Meeting and event planners seeking bargains in high-demand cities will have to work harder next year as demand continues to outpace supply and hotels tighten cancellation and attrition policies, according to the 2016 Meetings and Events Forecast.
Hotel prices will increase 2.5 percent globally in 2016, but some regions will see sharper increases, including North America (4.3 percent), Latin America and the Caribbean (3.7 percent) and the Asia-Pacific region (3 percent).
F&B costs in the United States went up 2.9 percent in 2015, according to the Consumer Price Index, and will continue to put pressure on attendee costs in 2016, the report says.
Three trends will affect meeting planning and pricing, according to the report published by CWT Meetings & Events:
Hotels in sellers’ markets (rooms and event space in constant high demand) are eliminating or reducing planners’ flexibility in attrition and cancellation clauses, especially in large cities with major airport hubs, where upfront offers are in the 10 percent to 15 percent range now instead of the usual 20 percent to 25 percent.
Also in high-demand markets, hotels are cutting back on holding space on requests for availability. “Meeting owners should alert internal decision makers of this market shift, as the risk of lost space will increase and date flexibility will be crucial as events are sourced,” the report says.
Hotels are increasing their yield management on group rates.
5 tips for meeting planners in 2016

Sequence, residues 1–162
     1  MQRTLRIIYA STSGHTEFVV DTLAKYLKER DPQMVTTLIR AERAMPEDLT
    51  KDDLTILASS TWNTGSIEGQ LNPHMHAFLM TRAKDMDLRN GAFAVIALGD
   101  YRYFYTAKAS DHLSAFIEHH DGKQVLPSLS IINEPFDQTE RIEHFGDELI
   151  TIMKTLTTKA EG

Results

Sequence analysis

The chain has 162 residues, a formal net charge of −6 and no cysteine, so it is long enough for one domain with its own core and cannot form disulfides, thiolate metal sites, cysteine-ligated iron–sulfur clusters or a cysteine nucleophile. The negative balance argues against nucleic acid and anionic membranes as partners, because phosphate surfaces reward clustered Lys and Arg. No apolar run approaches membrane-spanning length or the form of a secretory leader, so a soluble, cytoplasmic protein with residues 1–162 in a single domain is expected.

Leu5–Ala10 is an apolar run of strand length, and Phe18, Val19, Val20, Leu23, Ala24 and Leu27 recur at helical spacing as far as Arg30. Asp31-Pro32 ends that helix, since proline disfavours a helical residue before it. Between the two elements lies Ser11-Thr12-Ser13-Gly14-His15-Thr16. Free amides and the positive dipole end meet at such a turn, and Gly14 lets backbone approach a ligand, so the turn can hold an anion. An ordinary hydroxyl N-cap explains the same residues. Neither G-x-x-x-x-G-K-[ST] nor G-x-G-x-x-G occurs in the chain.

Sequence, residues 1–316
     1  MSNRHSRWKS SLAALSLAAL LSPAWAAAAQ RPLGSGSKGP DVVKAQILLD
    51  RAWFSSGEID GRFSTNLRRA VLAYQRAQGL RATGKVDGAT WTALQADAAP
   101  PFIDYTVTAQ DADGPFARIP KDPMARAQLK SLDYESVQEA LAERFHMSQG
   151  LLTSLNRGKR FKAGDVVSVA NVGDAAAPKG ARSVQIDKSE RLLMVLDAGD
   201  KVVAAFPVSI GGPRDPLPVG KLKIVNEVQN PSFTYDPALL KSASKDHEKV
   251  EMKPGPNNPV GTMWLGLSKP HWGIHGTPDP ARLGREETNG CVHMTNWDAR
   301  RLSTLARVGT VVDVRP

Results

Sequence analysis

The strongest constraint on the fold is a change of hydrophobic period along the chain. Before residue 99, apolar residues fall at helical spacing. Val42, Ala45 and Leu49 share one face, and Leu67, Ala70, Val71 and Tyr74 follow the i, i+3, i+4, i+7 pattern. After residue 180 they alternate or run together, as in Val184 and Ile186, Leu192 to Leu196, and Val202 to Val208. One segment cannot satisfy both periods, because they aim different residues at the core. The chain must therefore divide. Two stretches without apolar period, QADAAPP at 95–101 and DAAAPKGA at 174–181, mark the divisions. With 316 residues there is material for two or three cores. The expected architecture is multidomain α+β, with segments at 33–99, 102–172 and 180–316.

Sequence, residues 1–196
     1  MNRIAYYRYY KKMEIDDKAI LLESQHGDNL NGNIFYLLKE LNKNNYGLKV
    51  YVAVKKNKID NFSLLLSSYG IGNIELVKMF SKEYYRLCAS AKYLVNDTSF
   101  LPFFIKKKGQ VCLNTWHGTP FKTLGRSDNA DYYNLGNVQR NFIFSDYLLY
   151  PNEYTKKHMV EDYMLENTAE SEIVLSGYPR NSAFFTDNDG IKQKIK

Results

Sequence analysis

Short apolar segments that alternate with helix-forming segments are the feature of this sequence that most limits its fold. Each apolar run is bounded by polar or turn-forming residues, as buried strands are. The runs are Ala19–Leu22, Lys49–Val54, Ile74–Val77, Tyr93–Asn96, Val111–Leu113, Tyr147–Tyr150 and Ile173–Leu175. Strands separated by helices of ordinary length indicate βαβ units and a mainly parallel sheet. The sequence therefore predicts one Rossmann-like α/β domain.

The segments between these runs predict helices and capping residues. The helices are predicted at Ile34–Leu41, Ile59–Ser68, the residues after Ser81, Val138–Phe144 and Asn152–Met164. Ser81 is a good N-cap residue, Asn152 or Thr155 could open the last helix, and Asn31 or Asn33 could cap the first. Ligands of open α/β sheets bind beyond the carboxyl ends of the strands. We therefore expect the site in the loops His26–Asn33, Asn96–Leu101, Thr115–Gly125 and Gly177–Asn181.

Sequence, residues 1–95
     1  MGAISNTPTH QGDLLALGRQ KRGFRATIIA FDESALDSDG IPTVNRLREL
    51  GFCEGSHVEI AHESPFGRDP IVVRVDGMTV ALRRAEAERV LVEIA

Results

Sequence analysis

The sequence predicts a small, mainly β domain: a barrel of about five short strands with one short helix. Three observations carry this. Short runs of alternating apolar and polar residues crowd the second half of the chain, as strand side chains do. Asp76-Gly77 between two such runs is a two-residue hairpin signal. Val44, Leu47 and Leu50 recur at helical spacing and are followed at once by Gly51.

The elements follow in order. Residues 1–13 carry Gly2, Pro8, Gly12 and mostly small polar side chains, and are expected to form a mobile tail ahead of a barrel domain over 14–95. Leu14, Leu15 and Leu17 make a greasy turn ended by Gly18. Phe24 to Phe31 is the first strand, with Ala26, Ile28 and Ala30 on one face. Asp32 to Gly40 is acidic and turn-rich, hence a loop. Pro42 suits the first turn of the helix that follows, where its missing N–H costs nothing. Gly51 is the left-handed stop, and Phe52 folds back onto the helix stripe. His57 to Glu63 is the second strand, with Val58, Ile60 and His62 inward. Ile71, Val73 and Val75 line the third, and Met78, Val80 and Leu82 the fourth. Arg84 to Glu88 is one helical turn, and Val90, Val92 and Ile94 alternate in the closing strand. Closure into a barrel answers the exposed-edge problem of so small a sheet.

CWT recommended five steps that planners can take in 2016 to negotiate their best deals and manage their in-house programs:
1. Consolidate for cost savings. Bring all meeting managers across the entire business into a single department to save money and reduce financial and legal risks. Also, create a consolidated hotel strategy that aims to save meeting and travel money by looking at travel patterns plus key and emerging markets.
2. Plan farther ahead. As lead time for registration and venue contracts continues to shrink, build in extra lead time on larger projects for more negotiating power, especially in emerging Latin American markets, where buyers might have more flexibility.
3. Save money on F&B. Trade down on features that don’t affect the overall attendee experience. Examples: Substitute tap water for bottled water; reduce breaks.
4. Limit risk. Establish an addendum for desired cancellation terms with preferred hotel suppliers, using it as a baseline when negotiating. By rolling out preferred supplier programs and strategic partnerships — and establishing key performance indicators for compliance — you’ll get better terms and limit your risk.
5. Use strategic contract management. Streamline your process for managing all meetings-related agreements to get a broader view of commitments and supplier use across your organization and to bypass lengthy legal reviews for time-sensitive agreements. Also, align your company’s risk mitigation strategies to roll out or negotiate master service agreements with key suppliers. Develop customized negotiation strategies for high-volume markets to increase your buying power and ensure your rates are competitive.